Saturday, 8 August 2009

Diving at Coral Bay and snorkelling with Manta Rays

Coral Bay is about 160 kms south of Exmouth. We had been wondering when the Emu warning sign would become a reality

Beware Emus

and on the way here we see our first Emu.


The Ningaloo Reef comes close to shore here, so close that you can hear the waves breaking on the edge of the reef. The whole area is a marine sanctuary and so the fish and coral are protected from the hunting instincts of the average Australian. The bay is very popular as a holiday spot, partly because of the lovely climate and partly because

Sun set at Coral Bay

it is very beautiful, sunsets in particular.

The sun has set at Coral Bay

August is Manta Ray season and so two dives have been scheduled plus a snorkel with the Manta Rays (Paul) and a Glass Bottomed Boat trip to see the Coral (Pat).

Dive 1 – Lottie’s Lagoon

Lotties Lagoon Dive Plan

A routine dive over coral blocks and around numerous fish including a few sharks. Nothing remarkable but quite pleasant. A difficult entry in that a hose came off my BCD and I could not inflate it but eventually this was sorted out. The only thing of note was a Scorpion Fish hiding under a piece of coral and a number of strange “sack like” objects on the sea bed.

What is it 

Snorkelling with Manta Rays

The Coral Bay area is one of four areas of the world known for the near permanent presence of Manta Rays. The type that live here are not the largest but still are impressive in size, being up to 4 metres between wing tips.

Because of their sensitivity to being disturbed and the possible over eagerness of divers to interact with them, access is very strictly controlled. Coral Bay has been declared a marine conservation reserve which means that there are very strict rules in force and certain sites within the reserve have additional rules applied to them – such as no diving, anchoring of boats, straying outside certain routes through the reserve etc.

A spotter plane was sent up to find the rays and this directed our boat to within 50 metres of where the rays were circling. On this occasion the rays were at a “cleaning station” – a particular spot in the reef where the rays go to have their teeth and gills and skin cleaned by other fish.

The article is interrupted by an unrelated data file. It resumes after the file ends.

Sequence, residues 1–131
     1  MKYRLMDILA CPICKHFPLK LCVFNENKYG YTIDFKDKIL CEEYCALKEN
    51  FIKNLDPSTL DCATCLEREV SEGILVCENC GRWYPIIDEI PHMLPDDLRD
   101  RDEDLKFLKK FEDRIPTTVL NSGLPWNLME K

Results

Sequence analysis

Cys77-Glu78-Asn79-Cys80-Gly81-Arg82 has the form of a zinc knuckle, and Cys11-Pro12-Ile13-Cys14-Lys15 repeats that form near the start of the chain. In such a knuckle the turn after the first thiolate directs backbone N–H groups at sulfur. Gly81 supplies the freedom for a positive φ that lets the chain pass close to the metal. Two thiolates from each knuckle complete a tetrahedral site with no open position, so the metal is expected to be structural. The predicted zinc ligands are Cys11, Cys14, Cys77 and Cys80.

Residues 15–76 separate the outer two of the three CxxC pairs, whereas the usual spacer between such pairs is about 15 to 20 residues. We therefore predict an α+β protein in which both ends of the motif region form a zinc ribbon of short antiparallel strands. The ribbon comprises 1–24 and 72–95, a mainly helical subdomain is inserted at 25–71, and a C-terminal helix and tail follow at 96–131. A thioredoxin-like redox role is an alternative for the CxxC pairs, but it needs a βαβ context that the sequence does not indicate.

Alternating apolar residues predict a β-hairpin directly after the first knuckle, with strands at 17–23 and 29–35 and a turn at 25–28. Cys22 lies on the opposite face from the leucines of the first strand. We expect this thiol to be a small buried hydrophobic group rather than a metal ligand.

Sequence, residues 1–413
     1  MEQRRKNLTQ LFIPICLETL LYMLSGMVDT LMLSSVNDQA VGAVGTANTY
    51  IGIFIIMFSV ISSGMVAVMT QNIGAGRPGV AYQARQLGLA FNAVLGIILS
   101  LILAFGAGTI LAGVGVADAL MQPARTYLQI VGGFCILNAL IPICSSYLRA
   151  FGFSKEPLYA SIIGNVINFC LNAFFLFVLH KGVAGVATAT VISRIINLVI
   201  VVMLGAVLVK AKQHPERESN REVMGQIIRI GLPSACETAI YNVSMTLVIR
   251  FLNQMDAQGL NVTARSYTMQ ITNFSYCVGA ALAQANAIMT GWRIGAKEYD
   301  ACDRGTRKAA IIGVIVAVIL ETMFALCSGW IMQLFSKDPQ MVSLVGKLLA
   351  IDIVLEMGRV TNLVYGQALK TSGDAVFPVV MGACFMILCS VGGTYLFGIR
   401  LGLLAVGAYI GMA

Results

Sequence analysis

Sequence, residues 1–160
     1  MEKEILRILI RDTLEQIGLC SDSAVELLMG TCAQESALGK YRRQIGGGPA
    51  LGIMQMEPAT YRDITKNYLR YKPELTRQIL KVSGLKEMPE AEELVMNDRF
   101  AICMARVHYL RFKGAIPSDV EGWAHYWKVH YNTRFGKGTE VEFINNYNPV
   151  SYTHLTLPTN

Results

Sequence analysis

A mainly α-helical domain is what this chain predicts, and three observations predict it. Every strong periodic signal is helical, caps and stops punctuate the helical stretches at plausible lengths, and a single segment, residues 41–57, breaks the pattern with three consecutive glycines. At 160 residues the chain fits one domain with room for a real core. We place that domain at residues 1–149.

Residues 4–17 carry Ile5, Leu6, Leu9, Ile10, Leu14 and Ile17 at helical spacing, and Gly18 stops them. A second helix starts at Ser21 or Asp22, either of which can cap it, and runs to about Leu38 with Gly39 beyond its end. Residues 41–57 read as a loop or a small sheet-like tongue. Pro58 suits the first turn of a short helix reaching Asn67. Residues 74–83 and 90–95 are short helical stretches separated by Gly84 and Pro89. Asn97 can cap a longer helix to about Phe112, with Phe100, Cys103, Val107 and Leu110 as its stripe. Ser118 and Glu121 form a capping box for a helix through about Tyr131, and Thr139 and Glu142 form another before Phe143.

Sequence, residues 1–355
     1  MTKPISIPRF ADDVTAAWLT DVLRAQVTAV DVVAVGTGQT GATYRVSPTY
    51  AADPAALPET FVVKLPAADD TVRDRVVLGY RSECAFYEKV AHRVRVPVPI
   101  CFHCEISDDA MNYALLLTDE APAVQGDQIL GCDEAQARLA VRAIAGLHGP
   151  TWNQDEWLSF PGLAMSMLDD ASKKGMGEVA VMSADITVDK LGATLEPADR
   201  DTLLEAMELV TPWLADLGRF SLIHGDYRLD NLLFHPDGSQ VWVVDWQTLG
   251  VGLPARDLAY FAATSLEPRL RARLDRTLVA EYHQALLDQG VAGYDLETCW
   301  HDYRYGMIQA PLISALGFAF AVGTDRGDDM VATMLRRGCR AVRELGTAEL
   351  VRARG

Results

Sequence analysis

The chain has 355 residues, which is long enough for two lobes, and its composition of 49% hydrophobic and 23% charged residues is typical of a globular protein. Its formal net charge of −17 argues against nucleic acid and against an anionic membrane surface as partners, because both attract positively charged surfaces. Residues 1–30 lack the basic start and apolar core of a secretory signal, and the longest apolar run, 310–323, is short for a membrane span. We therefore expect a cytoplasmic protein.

At one of these spots, the Manta Rays swim around in a fairly wide circle with their jaws open and the flaps in front of their mouths extended. As they do so, small cleaning fish dart in and clean (eat) the dirt from their teeth, gills, skin etc. They continue to circle until they are cleaned or hungry or something sends them off elsewhere.

We were divided into two groups, briefed on how to fin out to the snorkel site and how to behave when there, threatened with all sorts of repercussions if we broke the rules and then told to slide into the water and gently swim 100m to where one of the dive guides was waiting.

I swam out and as I was approaching the guide, looked down and beneath me was a large female Manta Ray gently gliding through the water but coming towards me, mouth open, cleaning fish clearly visible.

Manta Ray 2

Immediately behind it (sometimes adjacent to it) was another large Manta Ray doing exactly the same thing.

Manta Ray 3-1

After about five minutes, the groups swapped over and when we swapped back, we got at least 15 minutes hanging in the water looking down at these enormous animals ignoring us and lazily swimming round and round just beneath us (about 10 metres away).

Manta Ray 3 

Manta Ray 1-1

Their only enemies are Tiger Sharks and humans.

Manta Ray 1

Individual mantas are recognised by the unique pattern of spots on their underneath - no two mantas have the same pattern.

It was an amazing experience.

Dive 2 – Asho’s Gap

Asho's Gap Dive Plan

An interesting dive around a set of very shallow coral blocks which were in very good condition. Part way round I came across a shoal of fish which seemed to be ploughing the sea bed as these two pictures

Fish Behaviour 2

Fish Behaviour 1

show – you can quite clearly see the sand thrown up by the ploughing action. There were also a few reef sharks and a nurse shark hiding within a cave and not too happy at being disturbed by divers.

Coral Decay

Some of the coral had started to die and collapse showing how it had grown during its life. The return leg of the dive was very hard due to an adverse current – never was the sight of a bow anchor line more welcome. My 83rd dive in just over two years was completed.

Pat’s trip on a Coral Viewing boat provided a dry way of seeing

Reef Watching Boat

the coral through a large glass window in the bottom of the boat.

Coral from a viewing boat

No comments:

Post a Comment